RE: [hugoye-list] Miscellaneous Questions
[hugoye-list] Miscellaneous Questions
A brief ps:
Regarding Cyrillona see:
Baumstark, GSL pp. 67-7 (Qurillona), where B. clearly indicates that there is something left of this work on the Huns.
C. Vona, (I Carmi di Cirillona, Rome 1963) might have published it.
As far as the Sachau fragment is concerned, I had a quick glance on Nau's article `Le Traité sur les `Constellations' ecrit en 661 par Sévère Sébokt ...'Revue de l'Orient Chrétien 7/8 (27/28), 1929-1932 pp 327-410 (t. 7); 85-100 (t. 8). According to Nau, the two fragments, published by Sachau in his inedita, are in fact part of this Tractatus, i.e. chapters 17 and 18. Nau has translated it all into French.
Hope this helps.
Jan van Ginkel
From: email@example.com on behalf of Mark Dickens
Sent: Mon 27/02/2006 22:51
To: Hugoye List
Subject: [hugoye-list] Miscellaneous Questions
I have a couple of questions that I haven't been able to find answers to
yet and I wonder if anyone on the list can help me:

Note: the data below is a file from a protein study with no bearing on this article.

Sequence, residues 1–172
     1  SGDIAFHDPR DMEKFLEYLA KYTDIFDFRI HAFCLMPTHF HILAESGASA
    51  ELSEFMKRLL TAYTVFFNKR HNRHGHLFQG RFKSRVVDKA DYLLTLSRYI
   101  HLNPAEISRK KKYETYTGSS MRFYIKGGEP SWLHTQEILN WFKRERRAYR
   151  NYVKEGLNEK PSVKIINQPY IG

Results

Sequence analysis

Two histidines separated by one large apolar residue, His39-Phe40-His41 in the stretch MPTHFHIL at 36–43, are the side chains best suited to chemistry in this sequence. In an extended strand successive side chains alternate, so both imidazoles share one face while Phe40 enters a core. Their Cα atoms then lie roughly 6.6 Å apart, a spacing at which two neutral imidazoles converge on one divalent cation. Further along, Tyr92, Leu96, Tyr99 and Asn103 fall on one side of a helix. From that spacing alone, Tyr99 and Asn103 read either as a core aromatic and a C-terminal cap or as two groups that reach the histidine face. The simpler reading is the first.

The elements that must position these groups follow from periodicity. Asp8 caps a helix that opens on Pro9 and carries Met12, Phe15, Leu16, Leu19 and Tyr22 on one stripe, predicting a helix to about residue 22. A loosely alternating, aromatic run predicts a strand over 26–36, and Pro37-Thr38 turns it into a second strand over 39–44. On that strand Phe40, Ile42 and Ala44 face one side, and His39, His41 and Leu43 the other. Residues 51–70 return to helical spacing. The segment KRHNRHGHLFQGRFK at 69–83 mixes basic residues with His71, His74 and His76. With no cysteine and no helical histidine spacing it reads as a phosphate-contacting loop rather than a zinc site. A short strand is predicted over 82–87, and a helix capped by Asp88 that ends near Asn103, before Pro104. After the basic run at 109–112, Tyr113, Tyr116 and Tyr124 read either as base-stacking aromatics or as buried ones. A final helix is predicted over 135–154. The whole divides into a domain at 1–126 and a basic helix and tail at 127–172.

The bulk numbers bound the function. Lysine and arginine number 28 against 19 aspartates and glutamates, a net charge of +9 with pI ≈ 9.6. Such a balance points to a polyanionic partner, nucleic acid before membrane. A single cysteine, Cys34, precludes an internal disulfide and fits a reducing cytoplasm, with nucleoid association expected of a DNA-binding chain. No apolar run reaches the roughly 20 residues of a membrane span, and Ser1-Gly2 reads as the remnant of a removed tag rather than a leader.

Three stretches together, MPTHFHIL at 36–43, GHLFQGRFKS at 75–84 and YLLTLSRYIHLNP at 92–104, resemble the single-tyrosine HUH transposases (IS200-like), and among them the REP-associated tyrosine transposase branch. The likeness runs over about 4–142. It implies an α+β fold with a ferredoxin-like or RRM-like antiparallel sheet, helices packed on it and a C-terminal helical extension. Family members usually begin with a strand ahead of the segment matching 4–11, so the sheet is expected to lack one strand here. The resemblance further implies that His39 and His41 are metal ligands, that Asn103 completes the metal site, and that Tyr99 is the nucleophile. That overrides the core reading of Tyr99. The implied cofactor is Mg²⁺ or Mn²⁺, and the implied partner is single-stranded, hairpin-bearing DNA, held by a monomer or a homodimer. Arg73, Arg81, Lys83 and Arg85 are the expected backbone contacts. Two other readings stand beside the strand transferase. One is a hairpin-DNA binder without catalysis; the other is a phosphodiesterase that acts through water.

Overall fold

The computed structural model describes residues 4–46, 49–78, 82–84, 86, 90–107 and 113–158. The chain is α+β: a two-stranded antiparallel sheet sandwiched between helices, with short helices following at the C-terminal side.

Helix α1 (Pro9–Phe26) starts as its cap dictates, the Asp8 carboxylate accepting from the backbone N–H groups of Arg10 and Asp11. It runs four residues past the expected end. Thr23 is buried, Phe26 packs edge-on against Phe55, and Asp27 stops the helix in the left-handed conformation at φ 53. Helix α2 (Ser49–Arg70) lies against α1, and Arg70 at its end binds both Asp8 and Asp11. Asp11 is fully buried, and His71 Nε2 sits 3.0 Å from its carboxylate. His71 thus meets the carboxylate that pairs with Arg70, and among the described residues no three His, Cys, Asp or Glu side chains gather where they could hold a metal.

1. Vol. 43 (1984) of the Papers of the Estonian Theological School in
Exile (which is the last volume we have here in Cambridge, so maybe it's
the last volume published?) mentions that Prof. Voobus had an edition,
translation and commentary on Abdisho bar Berikha's Catalogue "in
process." If I remember correctly, he passed away shortly after this, so
am I correct in assuming that this work was never completed? I've never
seen it referred to anywhere else and the only modern translations I can
find references to are "Discipline Chaldéenne" by Voste and "The book of
Marganitha (the pearl) on the truth of Christianity, written by Mar
O'Dishoo, metropolitan of Suwa (Nisibin) and Armenia" by Eshai Shimun
XXIII. Are there any other translations of this work currently available?
2. Sachau included a "Geographical Fragment" by Severus Sabukht in his
"Inedita Syriaca" (1870). Has this piece been translated anywhere else?
3. Finally, Wright mentions in his History of Syriac Literature on pp.
40-42 about Absamias and Cyrillonas, two disciples of Ephrem who wrote
hymns and poems about the Hun invasions. Bar Ebroyo mentions this in his
Chronicon Ecclesiasticum (Vol. I, p. 133, if I remember correctly--I
don't have it or Wright in front of me now) and Assemani records the
same thing in several places in the Bibliotheca Orientalis, Vol. I (pp.
169 & 401). I've never seen any record of these texts surviving. Is it
correct to assume that they are no longer extant?
Thanks in advance of any light that others can shed on these matters.
University of Cambridge
Yahoo! Groups Links
<*> To visit your group on the web, go to:
<*> To unsubscribe from this group, send an email to:
<*> Your use of Yahoo! Groups is subject to: